Sun Bagua

Sun Bagua

Characteristics of Sun Shi Ba Gua

By Lei Shi Tai

Sun Shi Ba Gua was created by Sun Lu Tang on the basis of what he  had learnt with Master Cheng Ting Hua. Compared to the other schools of Ba Gua, the characteristics of Sun Shi Ba Gua are as follows:

1. The form is very simple, but contains infinite possibilities of change

Sun Shi Ba Gua is composed of  only eight Zhang ((lion, large male deer, snake, kite, dragon, bear, phoenix, monkey), the same  as Dan Huan Zhang (single palm change) and Shuang Huan Zhang (double palm change). The two movements of transition are on the whole ten Zhang. Each Zhang consists only of a few  simple movements. It avoids  too complicated movements and  long transitions  that exist in many other Ba Gua schools. The principle is that the simpler the formulated and fixed movements,  the more one leaves the expert practitioner the freedom to explore the possibilities of changes and uses by not being blocked  by too established forms. For example, the movement “Qing Long Fan Shou” in the Dan Huan Zhang can be transformed into at least five different movements of attacks. Thus, Sun Shi Ba Gua is apparently  very simple , but contains an immense space that allows the change and the variation which are the essence of the spirit of Ba Gua.

2. The movement of step is specific.

In many other Ba Gua schools, the front foot slips forwards parallel to the ground while the back foot presses on the ground and pushes the body forwards. In Sun Shi Ba Gua, it is initially the back foot which pushes,  whereas the front foot gradually lowers to the ground (the heel initially, then toes), then it is the front foot which draws and tears the back foot off the ground. The advantage of this step is that there is no interruption in the transition forwards: the centre of gravity advances while  a constant stability is maintained. This is why Sun Shi Ba Gua requires to develop the capacity of the feet to grip on to the ground firmly as roots which plunge,  whereas the axis head, back and foot that supports must remain perfectly right and stable. It is necessary to begin the practice with  slow, solid, heavy steps. The feeling must be as if  making a mill spin with the hands. It is only  after this base has been established that the search can begin for speed and lightness.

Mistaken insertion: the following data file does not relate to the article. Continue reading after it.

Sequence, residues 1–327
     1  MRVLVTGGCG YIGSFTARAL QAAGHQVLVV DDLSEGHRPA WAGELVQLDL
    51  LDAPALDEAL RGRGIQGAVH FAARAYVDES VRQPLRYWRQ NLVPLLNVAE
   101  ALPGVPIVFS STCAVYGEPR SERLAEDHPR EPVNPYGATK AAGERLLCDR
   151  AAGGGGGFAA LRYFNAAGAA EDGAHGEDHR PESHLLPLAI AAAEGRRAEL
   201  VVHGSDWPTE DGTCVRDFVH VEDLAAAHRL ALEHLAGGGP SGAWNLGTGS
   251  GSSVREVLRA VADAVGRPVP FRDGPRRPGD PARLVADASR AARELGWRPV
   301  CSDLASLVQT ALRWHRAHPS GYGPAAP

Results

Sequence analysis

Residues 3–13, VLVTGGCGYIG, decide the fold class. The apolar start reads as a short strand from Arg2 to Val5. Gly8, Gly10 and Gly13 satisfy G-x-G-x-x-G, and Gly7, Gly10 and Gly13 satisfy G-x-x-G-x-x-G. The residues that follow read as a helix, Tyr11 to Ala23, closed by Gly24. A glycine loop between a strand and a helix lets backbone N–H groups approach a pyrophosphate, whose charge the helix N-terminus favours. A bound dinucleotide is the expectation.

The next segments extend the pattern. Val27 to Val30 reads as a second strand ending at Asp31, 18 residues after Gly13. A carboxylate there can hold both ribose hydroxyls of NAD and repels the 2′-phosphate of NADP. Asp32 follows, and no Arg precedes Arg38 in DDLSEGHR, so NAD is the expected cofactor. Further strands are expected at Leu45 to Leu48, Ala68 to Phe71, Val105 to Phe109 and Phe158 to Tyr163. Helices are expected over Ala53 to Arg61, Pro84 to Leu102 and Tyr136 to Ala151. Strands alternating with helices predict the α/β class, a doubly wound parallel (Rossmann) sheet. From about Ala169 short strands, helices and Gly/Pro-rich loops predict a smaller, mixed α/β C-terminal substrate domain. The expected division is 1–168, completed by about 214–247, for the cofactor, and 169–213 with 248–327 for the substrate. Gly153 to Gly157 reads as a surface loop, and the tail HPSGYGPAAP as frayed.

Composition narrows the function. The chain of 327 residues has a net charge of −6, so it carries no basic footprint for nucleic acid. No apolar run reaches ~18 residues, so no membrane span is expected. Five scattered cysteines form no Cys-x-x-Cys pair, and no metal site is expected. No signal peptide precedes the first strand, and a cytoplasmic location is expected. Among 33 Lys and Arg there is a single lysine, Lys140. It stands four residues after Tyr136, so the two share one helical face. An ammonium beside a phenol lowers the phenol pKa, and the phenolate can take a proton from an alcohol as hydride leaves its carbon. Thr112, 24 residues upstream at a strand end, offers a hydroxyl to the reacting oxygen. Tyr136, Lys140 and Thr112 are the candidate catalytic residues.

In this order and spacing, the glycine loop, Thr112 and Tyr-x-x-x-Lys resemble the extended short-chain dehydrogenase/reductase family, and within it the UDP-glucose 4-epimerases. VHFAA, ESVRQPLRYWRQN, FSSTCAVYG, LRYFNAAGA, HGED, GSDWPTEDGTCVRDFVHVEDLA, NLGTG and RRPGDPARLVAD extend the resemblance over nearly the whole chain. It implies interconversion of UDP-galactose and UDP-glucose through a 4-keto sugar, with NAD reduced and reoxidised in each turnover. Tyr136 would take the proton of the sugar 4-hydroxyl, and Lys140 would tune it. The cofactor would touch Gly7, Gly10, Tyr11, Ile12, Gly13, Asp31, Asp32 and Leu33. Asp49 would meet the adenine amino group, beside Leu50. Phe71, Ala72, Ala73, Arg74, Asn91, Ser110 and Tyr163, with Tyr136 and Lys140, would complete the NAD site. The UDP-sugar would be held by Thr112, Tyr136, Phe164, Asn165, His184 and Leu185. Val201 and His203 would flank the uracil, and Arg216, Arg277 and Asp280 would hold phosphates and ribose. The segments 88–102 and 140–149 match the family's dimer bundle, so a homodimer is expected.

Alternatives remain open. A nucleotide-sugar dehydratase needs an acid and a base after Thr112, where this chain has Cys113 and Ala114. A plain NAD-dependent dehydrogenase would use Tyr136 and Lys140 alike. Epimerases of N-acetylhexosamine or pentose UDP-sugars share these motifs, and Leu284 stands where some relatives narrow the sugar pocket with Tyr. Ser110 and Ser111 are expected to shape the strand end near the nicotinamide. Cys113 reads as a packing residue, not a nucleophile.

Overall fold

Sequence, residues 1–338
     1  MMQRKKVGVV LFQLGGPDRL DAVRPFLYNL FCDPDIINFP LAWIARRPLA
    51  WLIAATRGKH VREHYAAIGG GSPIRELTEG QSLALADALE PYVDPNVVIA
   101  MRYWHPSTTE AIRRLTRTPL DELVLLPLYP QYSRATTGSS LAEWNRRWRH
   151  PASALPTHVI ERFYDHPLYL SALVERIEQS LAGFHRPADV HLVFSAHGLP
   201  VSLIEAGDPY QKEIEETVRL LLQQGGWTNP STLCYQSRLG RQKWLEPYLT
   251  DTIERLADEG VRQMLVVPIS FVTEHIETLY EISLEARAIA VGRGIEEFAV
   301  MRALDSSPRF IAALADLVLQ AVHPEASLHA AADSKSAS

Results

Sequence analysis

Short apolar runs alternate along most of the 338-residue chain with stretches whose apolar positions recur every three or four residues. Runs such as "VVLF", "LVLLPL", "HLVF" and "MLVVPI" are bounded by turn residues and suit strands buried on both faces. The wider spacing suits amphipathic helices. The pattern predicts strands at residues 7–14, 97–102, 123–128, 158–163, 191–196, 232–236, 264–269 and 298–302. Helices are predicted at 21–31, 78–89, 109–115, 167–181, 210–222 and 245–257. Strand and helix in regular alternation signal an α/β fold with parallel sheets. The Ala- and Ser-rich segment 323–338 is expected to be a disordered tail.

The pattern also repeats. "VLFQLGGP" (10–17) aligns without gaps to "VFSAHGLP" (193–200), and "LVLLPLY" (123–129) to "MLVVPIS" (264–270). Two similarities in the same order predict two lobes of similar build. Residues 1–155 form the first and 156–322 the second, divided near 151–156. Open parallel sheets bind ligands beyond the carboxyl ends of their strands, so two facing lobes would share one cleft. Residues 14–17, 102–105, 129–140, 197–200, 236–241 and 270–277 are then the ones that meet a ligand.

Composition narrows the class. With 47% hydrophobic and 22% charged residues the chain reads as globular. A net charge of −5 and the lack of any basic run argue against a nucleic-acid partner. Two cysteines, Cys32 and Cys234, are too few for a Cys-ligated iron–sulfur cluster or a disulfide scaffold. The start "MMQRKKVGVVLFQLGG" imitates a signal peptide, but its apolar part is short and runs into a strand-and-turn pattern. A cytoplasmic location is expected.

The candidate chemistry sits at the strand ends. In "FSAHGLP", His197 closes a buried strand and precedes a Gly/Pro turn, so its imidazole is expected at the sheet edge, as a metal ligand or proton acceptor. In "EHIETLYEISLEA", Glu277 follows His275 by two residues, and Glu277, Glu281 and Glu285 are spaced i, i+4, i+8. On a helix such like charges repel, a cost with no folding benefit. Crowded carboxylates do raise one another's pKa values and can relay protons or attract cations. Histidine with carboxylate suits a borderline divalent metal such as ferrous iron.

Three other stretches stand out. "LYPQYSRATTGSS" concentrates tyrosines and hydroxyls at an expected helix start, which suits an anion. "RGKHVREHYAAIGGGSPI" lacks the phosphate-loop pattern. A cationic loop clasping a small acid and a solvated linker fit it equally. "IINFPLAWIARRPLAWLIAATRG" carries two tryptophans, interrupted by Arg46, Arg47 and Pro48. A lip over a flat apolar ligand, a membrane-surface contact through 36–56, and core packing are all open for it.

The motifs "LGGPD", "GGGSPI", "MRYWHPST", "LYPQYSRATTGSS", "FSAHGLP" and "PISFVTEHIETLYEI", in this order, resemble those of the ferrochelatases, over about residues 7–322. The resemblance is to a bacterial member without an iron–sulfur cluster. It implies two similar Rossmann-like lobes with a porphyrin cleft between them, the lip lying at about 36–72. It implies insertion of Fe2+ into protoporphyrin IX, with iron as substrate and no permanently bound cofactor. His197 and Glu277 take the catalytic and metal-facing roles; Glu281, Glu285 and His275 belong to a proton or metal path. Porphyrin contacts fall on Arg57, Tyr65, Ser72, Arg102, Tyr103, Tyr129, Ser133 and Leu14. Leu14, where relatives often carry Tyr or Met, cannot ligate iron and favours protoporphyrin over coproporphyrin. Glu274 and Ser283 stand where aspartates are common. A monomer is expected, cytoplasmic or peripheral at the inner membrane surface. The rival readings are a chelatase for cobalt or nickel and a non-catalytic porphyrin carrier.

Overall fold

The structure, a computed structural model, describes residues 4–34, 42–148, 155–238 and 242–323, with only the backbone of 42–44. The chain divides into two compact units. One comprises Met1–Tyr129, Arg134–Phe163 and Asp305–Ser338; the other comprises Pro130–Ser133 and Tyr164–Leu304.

3. The body must be moved back to the maximum.

The shoulders and the hips must be moved back to the maximum so that all the weight of the body falls on the heels. Only the full and slackened retreat is capable of preparing for the sudden deployment of attack.

4. The body adapts to the situation, and the hands follow the body.

The principle is that any change must have a reason. The purpose of the change is to create opportunities to face the enemy. The attack of the hands must be fast and direct, the steps and the movement of the body must guarantee that the hands achieve their goal instantaneously. The hands, either in Jian (sword) or  in Dao (sabre) must seek the objective, and the body and the steps must enable them to get their target. The arms and the hands or the sword should not turn around the body with  only an aesthetic or illustrative aim.  The body is at the service of the sword, of the objective, not the sword at the service of the body.

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